Questions: QEa: Are there any other employment policy themes that you think OPDC s Local Plan should be addressing?

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1 8 EMPLOYMENT 185

2 Employment This chapter contains policies addressing the following policy themes: E1: Strategic Policy for employment E2: Old Oak E3: Park Royal E4: Open workspaces E5: Local access to employment and training Questions: QEa: Are there any other employment policy themes that you think OPDC s Local Plan should be addressing? QEb: Do you agree with the chapter s preferred policy options? If not, what might you change? QEc: Are there any other policy alternatives that could replace the chapter s preferred policies? You can provide comments directly through: opdc.commonplace.is 186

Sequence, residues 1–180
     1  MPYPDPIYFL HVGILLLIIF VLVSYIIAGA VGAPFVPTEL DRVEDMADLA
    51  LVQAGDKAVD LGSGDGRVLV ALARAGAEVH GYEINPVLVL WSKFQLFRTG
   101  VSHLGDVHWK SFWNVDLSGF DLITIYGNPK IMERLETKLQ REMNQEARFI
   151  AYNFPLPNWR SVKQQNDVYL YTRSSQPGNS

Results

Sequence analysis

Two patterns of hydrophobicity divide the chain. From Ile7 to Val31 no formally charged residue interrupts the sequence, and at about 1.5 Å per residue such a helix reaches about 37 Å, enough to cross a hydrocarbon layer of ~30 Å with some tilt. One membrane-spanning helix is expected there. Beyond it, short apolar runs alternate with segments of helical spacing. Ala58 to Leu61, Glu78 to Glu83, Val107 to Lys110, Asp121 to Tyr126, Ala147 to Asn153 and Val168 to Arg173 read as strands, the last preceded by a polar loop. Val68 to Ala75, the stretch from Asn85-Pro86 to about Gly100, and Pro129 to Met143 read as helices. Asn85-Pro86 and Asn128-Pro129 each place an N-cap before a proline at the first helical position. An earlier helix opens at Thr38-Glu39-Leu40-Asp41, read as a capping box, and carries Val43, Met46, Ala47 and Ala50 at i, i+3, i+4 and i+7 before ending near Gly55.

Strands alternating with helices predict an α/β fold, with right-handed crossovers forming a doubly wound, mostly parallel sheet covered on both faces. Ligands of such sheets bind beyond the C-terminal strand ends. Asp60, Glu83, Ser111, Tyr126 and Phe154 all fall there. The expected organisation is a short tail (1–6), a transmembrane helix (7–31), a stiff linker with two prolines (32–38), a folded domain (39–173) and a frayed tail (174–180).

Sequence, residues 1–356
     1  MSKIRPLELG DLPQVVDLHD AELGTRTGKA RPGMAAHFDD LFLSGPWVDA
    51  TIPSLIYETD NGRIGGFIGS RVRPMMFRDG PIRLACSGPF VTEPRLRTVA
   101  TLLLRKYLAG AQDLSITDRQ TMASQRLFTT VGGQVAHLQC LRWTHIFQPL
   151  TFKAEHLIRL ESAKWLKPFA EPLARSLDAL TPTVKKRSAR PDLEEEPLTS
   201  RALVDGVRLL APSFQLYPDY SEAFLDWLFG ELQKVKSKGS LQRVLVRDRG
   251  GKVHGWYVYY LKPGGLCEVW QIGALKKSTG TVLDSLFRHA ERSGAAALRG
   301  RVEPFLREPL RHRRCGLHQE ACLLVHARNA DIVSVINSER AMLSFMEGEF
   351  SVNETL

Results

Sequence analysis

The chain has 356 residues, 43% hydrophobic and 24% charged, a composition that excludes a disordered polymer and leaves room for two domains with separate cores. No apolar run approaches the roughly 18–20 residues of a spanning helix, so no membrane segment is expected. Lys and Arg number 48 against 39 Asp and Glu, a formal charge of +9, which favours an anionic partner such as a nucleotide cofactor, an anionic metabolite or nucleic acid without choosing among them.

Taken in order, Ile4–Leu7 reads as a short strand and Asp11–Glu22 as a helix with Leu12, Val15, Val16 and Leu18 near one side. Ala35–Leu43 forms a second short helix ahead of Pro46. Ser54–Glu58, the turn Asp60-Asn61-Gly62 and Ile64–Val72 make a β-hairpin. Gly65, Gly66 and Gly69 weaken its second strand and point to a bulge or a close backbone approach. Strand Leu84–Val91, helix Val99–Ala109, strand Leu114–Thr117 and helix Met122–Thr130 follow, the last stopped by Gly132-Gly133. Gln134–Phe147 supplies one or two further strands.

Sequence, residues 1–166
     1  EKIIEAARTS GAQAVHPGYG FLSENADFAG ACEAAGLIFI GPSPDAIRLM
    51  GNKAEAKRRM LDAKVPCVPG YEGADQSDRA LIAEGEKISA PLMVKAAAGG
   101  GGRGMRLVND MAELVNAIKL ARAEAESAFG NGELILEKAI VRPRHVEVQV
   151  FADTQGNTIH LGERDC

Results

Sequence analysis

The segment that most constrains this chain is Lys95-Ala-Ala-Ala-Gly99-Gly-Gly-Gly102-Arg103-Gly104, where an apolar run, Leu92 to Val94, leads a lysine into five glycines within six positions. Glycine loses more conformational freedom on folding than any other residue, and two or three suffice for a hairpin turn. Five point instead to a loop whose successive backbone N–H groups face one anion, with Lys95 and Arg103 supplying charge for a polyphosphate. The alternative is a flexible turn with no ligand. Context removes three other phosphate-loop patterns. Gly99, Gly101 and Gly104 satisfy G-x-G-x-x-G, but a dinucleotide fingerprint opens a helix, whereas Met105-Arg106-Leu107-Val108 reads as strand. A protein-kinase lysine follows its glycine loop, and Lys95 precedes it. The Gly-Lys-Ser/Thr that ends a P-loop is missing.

3 EVIDENCE BASE Table 7: Employment Evidence base Supporting study Description Status OPDC Industrial Land Review Assesses the current and future supply and demand for industrial land Draft completed within Old Oak and Park Royal. OPDC Development Capacity Study A study assessing the development capacity of development plots within Draft completed (DCS) the OPDC area GLA Creating Open workspaces document Assesses London-wide demand and opportunities with recommendations for local planning policy in relation to non-traditional workspaces for micro, small and medium enterprises. Completed 187